Taking a Kneel

By Zachary Love

O Say Can You See…

 I heard the song in my imagination minutes before I was about to confront it. Or, in the words of others: disrespect it.  

 Finally, the familiar call to remove caps and rise felt a little different because I was choosing to kneel. A teammate must’ve heard the rustling of my pads because he turned around and stared at me.

 “Get up,” he ordered.

 I remained knelt.

 “Get up,” he ordered again.

 I knelt for the duration of the national anthem. When someone in sports is injured, players take a knee out of respect. I was doing the same thing for those injured by police brutality.

 Afterward, another teammate rushed to me.

 “Did you hear what some parents said?”

 “No, about what?”

 “The kneel. Those parents said ‘how do we let our kids do that?’ ”

 Although some disagreed, my kneeling made the cover of the school newspaper which resulted in my ultimate goal: it sparked a school-wide conversation about the issue. Members of my school community now seemed more comfortable to share their views, and I felt that it created a more cohesive and empathetic football brotherhood. I had gone from being the only one kneeling to inspiring others on my football team to kneel or sympathize with a gesture before the games. I even received comments from teachers who had not taught me: “I respect what you’re doing… it means a lot for the community.”

I was not aspiring to become a school celebrity. I merely wanted to help my community become sensitive to issues that are consuming our nation.

Summoning the courage to “Do the Right Thing” on race is not always easy when friends pressure me to do what I think is wrong. Earlier in the year, classmates defended a student that the school disciplined for racist behavior.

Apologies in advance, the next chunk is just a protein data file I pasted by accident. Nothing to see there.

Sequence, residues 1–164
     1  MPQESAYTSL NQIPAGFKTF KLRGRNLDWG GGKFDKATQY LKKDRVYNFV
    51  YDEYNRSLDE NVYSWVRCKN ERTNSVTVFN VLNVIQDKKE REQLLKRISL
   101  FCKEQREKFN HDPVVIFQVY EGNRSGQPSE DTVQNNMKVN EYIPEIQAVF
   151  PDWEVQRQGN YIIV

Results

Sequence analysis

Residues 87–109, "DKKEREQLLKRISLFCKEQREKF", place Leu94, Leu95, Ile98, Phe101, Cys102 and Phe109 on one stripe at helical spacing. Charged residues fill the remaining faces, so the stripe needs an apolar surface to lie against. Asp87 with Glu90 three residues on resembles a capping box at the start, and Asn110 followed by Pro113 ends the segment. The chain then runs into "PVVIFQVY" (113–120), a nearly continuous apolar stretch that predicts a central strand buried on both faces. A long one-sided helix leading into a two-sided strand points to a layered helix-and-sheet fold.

“He’s going to get expelled if you don’t talk to the administration,” a friend explained.

 “It’s the school’s decision whether he gets expelled, but by no means am I going to support what he did,” I retaliated.  

 “It was just a joke though, he doesn’t deserve this, ” my friend continued.

 He was actually a friend and teammate. I was stunned to see him in photos that another friend sent me.  He took pictures with a white towel over his head and filled in his face white except for eye holes. All of the pictures contained the word “nigger” and one had Nazi symbolism. I could tell by the background that some of the images were created during a track spring training trip in which only eight members attended.

I remembered how those images shocked me. I remembered how confidently he used that word. I remembered my family’s history of fleeing the South to escape racial tension because of things he celebrated in pictures. Therefore, I wasn’t going to dismiss his actions as unharmful.

Some people I considered friends trivialized his actions and tried to shame me for not understanding. I was quite disappointed at first, believing my friends disregarded the impact on those offended by his actions.  It took quite a bit of discussion for us to understand each others’ points of view. It was difficult to stand up for my beliefs with friends who were so opposed to my position.

Fortunately, my school conducted an assembly to discuss the difficulties of dealing with friends who have done unfortunate things, and I learned that we cannot always protect friends from consequences. In the end, some of my friendships grew while others were strained.

This incident and the kneeling pushed me to focus on doing what is in the best interest of my community. When I believe in what I’m doing, most anything else is an aftereffect. Friends describe me as thoughtful and determined, but I say I am just committed to doing what I believe in without being intolerant of different views.

Zachary Love, a graduate of The Dalton School, will be a freshman at Brown in the Fall